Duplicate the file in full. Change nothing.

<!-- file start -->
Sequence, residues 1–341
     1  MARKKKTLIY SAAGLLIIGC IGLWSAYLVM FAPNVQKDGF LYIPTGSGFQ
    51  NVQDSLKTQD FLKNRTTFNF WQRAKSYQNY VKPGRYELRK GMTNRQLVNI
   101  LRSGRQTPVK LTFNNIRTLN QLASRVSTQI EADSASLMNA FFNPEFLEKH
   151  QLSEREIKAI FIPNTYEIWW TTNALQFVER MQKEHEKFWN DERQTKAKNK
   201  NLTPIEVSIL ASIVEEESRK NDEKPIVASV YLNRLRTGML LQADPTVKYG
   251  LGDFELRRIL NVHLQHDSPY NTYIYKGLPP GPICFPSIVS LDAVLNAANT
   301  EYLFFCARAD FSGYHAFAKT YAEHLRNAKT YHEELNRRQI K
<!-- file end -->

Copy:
Sequence, residues 1–341
     1  MARKKKTLIY SAAGLLIIGC IGLWSAYLVM FAPNVQKDGF LYIPTGSGFQ
    51  NVQDSLKTQD FLKNRTTFNF WQRAKSYQNY VKPGRYELRK GMTNRQLVNI
   101  LRSGRQTPVK LTFNNIRTLN QLASRVSTQI EADSASLMNA FFNPEFLEKH
   151  QLSEREIKAI FIPNTYEIWW TTNALQFVER MQKEHEKFWN DERQTKAKNK
   201  NLTPIEVSIL ASIVEEESRK NDEKPIVASV YLNRLRTGML LQADPTVKYG
   251  LGDFELRRIL NVHLQHDSPY NTYIYKGLPP GPICFPSIVS LDAVLNAANT
   301  EYLFFCARAD FSGYHAFAKT YAEHLRNAKT YHEELNRRQI K